Tags: folic acid | folic acid diet | folate | vitamin folate | folate in foods | health02

Folate and Diet

Tuesday, 31 May 2011 03:03 PM

Folate or folic acid is a part of the vitamin B complex and plays a crucial role in important functions like protecting the body against oxidative damage, maintaining good heart and digestive health, and DNA and RBC synthesis.

Vitamin folate assists the body in metabolizing proteins and fights depression and stress. Adequate intake of folic acid through diet is necessary to prevent digestive disorders, impaired nerve functions, and certain types of anaemia.

Folic Acid in Diet
The recommended dosage of folic acid/folate for a healthy adult is approximately 400 mg a day. Folic acid intake can be improved by eating foods such as fresh greens (spinach, collard, and broccoli), fruits, whole wheat, legumes, and meats.

Consuming adequate folate through foods and supplements is important for pregnant women, smokers, and breast-feeding mothers. Vitamin B9 or folic acid can be taken as folate tablets, preferably in combination with other B-complex vitamins like vitamins B6 and B12.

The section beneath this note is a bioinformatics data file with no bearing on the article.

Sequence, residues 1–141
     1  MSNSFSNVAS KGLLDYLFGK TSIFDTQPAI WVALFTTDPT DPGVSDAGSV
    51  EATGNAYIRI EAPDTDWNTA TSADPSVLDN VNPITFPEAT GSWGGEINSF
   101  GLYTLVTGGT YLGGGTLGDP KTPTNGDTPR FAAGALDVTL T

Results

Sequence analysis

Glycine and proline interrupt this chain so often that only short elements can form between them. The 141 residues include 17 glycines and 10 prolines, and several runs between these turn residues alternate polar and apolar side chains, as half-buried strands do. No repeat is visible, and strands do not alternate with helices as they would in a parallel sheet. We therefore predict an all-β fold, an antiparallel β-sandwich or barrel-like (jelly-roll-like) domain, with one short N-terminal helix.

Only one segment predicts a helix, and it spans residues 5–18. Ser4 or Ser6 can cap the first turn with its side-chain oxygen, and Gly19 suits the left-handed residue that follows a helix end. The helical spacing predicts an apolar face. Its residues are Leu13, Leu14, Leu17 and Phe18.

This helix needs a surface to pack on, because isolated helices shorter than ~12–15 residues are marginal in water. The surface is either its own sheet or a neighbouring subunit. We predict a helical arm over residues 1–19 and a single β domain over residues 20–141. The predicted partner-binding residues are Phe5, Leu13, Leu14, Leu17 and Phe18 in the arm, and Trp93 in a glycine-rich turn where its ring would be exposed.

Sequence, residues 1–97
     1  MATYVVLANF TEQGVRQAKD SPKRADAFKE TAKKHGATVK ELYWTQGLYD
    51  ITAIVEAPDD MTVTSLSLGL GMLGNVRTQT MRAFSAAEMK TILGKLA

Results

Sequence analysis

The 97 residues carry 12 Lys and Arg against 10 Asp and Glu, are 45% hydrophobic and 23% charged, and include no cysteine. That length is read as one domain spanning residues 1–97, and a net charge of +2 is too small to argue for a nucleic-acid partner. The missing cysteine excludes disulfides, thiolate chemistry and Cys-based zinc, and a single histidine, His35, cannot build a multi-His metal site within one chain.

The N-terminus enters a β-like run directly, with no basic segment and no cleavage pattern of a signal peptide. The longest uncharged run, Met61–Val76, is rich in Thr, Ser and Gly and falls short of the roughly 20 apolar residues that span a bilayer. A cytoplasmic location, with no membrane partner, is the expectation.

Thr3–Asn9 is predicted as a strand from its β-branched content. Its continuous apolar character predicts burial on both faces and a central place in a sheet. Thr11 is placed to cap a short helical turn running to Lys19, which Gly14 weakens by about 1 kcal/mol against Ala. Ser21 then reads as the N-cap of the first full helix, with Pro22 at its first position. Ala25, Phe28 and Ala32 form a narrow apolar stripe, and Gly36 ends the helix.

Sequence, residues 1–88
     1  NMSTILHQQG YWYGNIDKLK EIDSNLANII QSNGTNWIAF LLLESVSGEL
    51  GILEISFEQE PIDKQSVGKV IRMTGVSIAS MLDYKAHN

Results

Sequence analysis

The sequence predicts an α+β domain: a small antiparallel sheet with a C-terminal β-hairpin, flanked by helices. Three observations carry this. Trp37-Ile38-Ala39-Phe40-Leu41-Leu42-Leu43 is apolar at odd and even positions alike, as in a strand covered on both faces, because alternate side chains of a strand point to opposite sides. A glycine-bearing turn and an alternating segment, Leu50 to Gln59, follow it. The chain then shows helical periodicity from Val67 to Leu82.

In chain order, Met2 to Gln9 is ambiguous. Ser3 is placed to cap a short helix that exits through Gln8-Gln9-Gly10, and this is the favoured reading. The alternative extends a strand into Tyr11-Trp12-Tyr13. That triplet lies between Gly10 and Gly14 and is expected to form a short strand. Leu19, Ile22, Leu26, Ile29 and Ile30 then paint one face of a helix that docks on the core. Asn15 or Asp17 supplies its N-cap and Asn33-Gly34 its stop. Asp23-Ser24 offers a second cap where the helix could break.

A high dosage of folic acid may interfere with medications prescribed for epilepsy and may cause digestive complaints, disturbed sleep, and fatigue.

Like all vitamins and pills, folic acid supplements must be taken in the correct dosage for a prescribed duration and under medical observation.

For more on folate, see below:

Top 5 Health Benefits of Folate

What Are The Best Sources of Folate?

What Conditions Folate Helps

Top 5 Signs of Folate Deficiency

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